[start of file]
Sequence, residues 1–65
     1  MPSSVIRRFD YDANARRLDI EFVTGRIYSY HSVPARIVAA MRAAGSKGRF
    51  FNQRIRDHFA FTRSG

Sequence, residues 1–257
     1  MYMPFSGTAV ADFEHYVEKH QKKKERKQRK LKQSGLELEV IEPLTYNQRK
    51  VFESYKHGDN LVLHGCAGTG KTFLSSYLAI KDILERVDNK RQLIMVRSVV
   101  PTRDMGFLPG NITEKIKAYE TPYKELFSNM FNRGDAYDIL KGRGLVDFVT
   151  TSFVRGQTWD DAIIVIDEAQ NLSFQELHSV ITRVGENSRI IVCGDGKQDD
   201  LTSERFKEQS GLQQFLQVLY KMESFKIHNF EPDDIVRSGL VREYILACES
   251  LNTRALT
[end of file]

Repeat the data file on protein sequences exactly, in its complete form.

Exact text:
Sequence, residues 1–65
     1  MPSSVIRRFD YDANARRLDI EFVTGRIYSY HSVPARIVAA MRAAGSKGRF
    51  FNQRIRDHFA FTRSG

Sequence, residues 1–257
     1  MYMPFSGTAV ADFEHYVEKH QKKKERKQRK LKQSGLELEV IEPLTYNQRK
    51  VFESYKHGDN LVLHGCAGTG KTFLSSYLAI KDILERVDNK RQLIMVRSVV
   101  PTRDMGFLPG NITEKIKAYE TPYKELFSNM FNRGDAYDIL KGRGLVDFVT
   151  TSFVRGQTWD DAIIVIDEAQ NLSFQELHSV ITRVGENSRI IVCGDGKQDD
   201  LTSERFKEQS GLQQFLQVLY KMESFKIHNF EPDDIVRSGL VREYILACES
   251  LNTRALT